Alexis Allen picks out seven design mistakes most of make and gives us the reasons why we should be more careful. My failings have included 1 and 2, not so much the others. Bad alignment and spelling errors I find particularly egregious. Which have you broken?
We’ve probably all done these at one time or other. The consequences of these mistakes can range anywhere from annoying to profound. Here they are, in no particular order.
1. Thinking that you don’t really need to know about visual design principles
Like any language, understanding how the visual design language is constructed helps you use it more effectively. You “know” the rules on a subconscious level already, because as a user you’ve been conditioned by all the programs and apps you’ve ever used.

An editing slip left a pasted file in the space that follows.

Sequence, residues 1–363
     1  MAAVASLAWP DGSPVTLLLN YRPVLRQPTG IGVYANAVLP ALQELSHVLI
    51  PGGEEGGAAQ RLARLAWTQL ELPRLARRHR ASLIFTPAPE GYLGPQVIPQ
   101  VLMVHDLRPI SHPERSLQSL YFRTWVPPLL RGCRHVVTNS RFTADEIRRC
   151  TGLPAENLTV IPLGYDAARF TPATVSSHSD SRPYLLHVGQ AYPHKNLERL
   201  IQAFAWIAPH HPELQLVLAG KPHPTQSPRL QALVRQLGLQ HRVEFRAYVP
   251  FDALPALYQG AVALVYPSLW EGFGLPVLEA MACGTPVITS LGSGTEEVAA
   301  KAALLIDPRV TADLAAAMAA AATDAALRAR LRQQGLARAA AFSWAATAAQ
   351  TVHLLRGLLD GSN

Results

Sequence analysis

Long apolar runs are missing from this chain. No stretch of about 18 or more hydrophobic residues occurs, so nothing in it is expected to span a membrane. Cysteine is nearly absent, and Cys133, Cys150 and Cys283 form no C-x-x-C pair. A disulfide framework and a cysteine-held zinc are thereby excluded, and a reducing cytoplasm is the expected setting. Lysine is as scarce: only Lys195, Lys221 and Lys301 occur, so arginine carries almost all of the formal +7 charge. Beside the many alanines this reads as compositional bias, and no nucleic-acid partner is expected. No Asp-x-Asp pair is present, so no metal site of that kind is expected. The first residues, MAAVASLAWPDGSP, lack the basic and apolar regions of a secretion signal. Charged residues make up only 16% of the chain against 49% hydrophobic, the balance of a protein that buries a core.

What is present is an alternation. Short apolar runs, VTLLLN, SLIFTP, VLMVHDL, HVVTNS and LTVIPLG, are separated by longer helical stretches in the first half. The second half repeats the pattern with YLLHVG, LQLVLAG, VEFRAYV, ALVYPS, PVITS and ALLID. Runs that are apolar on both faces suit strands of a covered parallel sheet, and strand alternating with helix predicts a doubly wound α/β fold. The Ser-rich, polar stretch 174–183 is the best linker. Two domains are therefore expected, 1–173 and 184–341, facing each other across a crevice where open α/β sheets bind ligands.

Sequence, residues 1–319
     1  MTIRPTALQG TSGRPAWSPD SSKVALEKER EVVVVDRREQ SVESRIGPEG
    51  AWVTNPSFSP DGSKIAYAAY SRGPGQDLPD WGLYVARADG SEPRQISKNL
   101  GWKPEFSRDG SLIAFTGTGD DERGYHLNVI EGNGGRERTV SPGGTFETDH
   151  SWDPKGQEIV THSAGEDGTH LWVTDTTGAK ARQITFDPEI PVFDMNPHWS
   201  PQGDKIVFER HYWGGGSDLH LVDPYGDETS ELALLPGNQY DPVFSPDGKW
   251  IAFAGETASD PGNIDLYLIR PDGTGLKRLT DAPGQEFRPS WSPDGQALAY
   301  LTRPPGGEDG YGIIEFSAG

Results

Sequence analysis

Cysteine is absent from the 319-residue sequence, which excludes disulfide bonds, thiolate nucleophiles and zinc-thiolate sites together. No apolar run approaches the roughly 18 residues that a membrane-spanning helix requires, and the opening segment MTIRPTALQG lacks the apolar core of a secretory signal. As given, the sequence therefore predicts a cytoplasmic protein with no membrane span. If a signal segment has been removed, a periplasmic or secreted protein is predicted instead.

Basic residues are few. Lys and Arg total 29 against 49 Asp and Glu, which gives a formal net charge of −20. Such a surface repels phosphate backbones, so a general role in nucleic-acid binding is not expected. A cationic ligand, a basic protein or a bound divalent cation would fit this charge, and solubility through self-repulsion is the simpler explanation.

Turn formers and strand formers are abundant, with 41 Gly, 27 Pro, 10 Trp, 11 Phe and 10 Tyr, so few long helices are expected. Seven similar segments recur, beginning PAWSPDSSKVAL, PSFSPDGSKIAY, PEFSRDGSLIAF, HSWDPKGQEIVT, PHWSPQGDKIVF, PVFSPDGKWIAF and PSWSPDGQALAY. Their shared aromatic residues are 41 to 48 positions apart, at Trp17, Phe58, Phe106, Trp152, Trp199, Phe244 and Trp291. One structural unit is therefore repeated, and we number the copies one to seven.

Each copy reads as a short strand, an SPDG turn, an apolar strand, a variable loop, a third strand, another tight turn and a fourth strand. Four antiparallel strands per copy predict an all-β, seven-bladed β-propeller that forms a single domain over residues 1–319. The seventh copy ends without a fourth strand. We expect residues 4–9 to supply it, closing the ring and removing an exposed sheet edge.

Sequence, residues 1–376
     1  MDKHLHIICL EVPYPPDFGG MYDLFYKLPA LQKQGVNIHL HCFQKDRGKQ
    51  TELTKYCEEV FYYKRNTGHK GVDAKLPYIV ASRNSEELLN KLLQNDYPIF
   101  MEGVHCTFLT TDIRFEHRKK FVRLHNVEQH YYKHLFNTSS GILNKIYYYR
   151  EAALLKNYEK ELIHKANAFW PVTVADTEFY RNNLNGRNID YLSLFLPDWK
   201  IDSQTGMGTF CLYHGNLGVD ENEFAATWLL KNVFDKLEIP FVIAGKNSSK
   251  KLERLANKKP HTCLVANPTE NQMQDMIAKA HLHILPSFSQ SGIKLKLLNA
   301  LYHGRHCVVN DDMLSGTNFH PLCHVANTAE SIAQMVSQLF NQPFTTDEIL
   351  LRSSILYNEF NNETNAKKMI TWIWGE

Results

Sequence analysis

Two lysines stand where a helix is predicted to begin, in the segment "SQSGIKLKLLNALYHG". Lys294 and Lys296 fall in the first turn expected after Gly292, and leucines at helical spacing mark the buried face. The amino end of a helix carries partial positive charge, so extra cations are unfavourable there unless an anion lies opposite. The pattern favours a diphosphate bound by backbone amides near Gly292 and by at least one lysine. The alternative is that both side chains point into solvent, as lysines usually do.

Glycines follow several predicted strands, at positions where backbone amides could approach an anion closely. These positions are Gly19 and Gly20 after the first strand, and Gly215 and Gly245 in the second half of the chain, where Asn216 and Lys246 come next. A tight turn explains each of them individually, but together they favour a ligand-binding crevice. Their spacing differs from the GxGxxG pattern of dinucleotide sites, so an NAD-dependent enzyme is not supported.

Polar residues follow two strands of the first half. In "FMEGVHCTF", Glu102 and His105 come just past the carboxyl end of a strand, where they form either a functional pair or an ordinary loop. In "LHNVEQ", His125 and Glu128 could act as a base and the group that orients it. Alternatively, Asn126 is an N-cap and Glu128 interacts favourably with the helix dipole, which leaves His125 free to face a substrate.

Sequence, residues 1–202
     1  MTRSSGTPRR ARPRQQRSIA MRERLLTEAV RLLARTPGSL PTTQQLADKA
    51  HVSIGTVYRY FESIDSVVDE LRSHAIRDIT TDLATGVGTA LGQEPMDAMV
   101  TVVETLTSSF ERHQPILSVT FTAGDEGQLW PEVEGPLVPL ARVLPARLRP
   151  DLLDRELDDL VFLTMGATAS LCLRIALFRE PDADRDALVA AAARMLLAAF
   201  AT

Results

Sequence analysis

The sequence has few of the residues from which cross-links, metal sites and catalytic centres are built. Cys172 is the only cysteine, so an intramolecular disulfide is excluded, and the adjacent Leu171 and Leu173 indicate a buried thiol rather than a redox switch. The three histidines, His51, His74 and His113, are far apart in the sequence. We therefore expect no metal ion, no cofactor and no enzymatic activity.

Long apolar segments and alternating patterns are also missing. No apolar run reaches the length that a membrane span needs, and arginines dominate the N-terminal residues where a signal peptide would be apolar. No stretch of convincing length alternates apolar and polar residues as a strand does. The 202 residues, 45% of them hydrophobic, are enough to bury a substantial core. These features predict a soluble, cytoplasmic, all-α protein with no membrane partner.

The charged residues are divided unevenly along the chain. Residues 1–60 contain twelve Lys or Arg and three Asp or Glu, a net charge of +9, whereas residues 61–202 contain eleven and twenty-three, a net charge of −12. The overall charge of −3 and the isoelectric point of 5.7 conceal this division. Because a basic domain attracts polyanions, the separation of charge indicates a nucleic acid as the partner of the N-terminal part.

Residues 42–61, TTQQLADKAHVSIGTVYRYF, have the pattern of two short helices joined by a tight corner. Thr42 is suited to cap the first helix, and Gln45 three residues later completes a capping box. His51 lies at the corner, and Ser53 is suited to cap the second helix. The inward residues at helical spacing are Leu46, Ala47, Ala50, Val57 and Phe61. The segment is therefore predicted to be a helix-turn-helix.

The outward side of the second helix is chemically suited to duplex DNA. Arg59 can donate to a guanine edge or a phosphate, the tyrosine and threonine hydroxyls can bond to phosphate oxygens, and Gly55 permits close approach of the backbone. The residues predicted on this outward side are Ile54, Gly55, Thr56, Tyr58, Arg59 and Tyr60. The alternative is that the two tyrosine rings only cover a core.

But you may not be equipped to solve sticky design problems. Often, design principles compete with each other. A lot of a designer’s job is weighing all the factors to decide which ones are more important in a given situation. By formalizing your knowledge, you can better decide what is foundational, and where you can compromise.
2. Thinking that typography doesn’t matter
Most of what people consume in terms of information is typographical in nature. Typography can attract or repel you. It conveys a sense of style and association with other ideas. Are you sending the right signals to the user with your font and style choices? (I’m looking at YOU, Comic Sans.)
Do You Make These 7 FileMaker Design Mistakes? – Design for FileMaker Pro Developers.